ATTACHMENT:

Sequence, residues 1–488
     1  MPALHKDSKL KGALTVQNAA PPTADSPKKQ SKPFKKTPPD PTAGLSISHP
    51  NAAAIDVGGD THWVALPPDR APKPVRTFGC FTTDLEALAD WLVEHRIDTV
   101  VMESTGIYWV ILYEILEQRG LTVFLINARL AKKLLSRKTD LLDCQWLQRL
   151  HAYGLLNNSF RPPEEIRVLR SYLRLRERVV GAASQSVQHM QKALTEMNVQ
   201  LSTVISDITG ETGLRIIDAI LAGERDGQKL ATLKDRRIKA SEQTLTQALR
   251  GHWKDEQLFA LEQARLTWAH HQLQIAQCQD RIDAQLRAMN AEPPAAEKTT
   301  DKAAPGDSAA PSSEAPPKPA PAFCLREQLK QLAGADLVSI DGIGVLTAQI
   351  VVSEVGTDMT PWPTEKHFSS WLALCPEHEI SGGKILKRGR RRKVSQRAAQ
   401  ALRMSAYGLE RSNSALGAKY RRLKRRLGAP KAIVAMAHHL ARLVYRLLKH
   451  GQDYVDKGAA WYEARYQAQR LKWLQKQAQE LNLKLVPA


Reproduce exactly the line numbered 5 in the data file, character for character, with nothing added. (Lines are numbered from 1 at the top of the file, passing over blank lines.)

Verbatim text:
   151  HAYGLLNNSF RPPEEIRVLR SYLRLRERVV GAASQSVQHM QKALTEMNVQ